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    Quote Originally Posted by rob stokes View Post
    Sorry I don't follow....What has the turn radius gotta do with weather the ski is directional or not?
    Think of it in terms of a race ski. Slalom skis have a radius of 13 meters, Super G, and downhill skis have a mimimum radius of 45 meters. Which would you consider a more directional ski?

  18. #18
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    I think there might be two different uses of "directional" here. I was using it to mean the ski likes going forward rather than skiing switch. I think you may be using it to mean that the ski likes going straight instead of turning. Is that right?

  19. #19
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    Quote Originally Posted by rob stokes View Post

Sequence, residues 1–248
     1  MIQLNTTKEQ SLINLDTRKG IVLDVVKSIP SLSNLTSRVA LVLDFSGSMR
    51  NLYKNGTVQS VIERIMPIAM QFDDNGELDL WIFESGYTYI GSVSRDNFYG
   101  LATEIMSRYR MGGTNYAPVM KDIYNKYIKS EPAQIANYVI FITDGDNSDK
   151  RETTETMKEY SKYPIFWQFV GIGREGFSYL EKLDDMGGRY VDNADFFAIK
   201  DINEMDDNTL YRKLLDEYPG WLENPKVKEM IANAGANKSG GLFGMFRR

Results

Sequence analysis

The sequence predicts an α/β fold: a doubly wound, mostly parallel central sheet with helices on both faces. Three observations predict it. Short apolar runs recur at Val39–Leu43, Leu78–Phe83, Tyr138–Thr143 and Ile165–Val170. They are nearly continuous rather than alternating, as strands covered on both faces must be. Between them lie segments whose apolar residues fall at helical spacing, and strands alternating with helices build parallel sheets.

Sorry I don't follow....What has the turn radius gotta do with weather the ski is directional or not?
    This makes me curious about what you think directional means...

    unless you're getting crazy and thinking twin vs flat tail, how could it be related to anything other than radius?

  20. #20
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    Quote Originally Posted by Roder View Post
    I think you may be using it to mean that the ski likes going straight instead of turning. Is that right?
    yeah, that's how i use the term anyway. your explanation makes sense though, at least in that context. I'm not super flippy spinny so that didnt cross my mind.

    either way, sounds like a fun ski!

  21. #21
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    Quote Originally Posted by racesla View Post
    Think of it in terms of a race ski. Slalom skis have a radius of 13 meters, Super G, and downhill skis have a mimimum radius of 45 meters. Which would you consider a more directional ski?

    They are both directional.....imo directional=designed to ski forwards.